How a Family Can Improve Dad's Career

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Dads who spend more time with their kids are happier at work, according to a new study published in the journal the Academy of Management Perspectives. “More involved fathers experience greater job satisfaction and work-family enrichment, and less work-family conflict; and they are less likely to think about quitting their jobs,” write the study’s authors. 

The study surveyed 970 working fathers, who generally worked 46 hours a week and made an average salary of $80,000 a year. The fathers, 62% of whom had working wives, spent an average of 2.65 hours with their kids during a typical weekday.

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Working mothers often complain that juggling work and family is a constant source of stress, but according to the study, men “do not seem to experience threat to their work identities in the same way women do as mothers. … Perhaps men don’t experience the same level of guilt that working mothers feel and don’t view caring for children as a source of stress.”

John Pacini, co-founder of the Dad 2.0 summit, says that fathers do feel the work-life struggle, but in a different way. “For years, men disproportionately succumbed to the work end of the work-life spectrum due to cultural norms and workplace expectations. Policies just didn’t encourage them to stand up for their need for family time and make that happen,” he tells Yahoo Parenting. “Today’s dads are standing up for their paternity roles and rights in the workplace, and that stance is being solidly supported by society and by more and more businesses.” The dads who work at those supportive jobs feel more loyal to their current gigs, he says.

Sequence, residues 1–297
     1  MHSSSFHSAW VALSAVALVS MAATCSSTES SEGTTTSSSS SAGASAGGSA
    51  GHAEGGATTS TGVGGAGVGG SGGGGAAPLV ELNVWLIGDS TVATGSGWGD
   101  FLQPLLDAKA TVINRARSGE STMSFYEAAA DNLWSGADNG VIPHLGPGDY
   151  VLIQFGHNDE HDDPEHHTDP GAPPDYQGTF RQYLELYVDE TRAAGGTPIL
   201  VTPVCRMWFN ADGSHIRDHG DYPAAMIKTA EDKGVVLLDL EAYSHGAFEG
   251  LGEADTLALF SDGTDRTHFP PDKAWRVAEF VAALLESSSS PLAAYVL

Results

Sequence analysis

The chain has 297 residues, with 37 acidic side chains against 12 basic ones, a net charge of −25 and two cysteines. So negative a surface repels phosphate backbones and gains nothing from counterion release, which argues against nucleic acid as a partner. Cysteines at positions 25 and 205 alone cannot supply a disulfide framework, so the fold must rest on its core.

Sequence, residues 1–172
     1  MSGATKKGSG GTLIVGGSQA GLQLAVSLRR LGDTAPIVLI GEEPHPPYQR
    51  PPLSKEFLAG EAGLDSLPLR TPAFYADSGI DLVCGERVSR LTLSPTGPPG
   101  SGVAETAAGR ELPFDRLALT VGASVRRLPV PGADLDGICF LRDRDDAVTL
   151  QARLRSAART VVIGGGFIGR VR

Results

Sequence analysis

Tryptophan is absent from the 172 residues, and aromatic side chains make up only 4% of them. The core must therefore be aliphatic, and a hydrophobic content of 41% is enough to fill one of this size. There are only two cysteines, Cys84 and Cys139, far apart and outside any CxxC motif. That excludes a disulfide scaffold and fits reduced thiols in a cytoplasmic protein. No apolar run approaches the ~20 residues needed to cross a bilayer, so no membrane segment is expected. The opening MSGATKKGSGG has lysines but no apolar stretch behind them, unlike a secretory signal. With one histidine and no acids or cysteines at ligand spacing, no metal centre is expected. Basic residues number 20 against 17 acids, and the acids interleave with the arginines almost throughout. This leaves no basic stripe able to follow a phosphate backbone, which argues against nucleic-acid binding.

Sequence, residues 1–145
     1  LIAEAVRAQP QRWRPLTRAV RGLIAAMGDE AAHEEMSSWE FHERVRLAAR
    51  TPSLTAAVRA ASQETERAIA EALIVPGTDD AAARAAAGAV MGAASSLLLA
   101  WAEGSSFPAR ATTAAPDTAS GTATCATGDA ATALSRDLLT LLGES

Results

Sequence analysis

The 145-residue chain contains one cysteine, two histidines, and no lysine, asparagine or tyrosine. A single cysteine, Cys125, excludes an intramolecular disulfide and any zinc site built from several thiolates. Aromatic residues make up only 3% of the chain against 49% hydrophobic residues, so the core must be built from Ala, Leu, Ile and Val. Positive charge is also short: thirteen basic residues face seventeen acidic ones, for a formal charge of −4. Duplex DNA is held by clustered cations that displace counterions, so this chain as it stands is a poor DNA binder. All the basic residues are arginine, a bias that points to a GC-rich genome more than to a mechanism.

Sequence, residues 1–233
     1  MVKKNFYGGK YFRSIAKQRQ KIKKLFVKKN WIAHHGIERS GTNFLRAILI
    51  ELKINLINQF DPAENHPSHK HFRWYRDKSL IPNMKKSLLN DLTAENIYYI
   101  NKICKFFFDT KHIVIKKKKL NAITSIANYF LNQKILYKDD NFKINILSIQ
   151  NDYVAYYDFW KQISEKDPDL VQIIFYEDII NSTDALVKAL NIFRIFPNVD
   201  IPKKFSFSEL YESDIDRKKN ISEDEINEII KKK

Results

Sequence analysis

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Which is why companies who want to retain top employees would do well to take note of the findings and reject the old-fashioned notion that the ideal male employee prioritizes work over family, the study authors say in a press release

Jamie J. Ladge, PhD., an assistant professor of management and organizational development at Northeastern University added, “Within companies there is pressure toward traditional understandings of fatherhood, which conflict with men’s desire to be more involved at home than male breadwinners have been in the past. Instead of promoting ideals based on outdated gender norms, firms need to recognize fatherhood as a serious and time-consuming activity, both through formal flex programs and through encouraging supervisors to support fathers in fulfilling family commitments. This is especially so in view of the enhanced job satisfaction and company loyalty that our study suggests is fostered by involved fathering.”

The bottom line is, mothers and fathers aren’t all that different. We all just want one thing: balance. 

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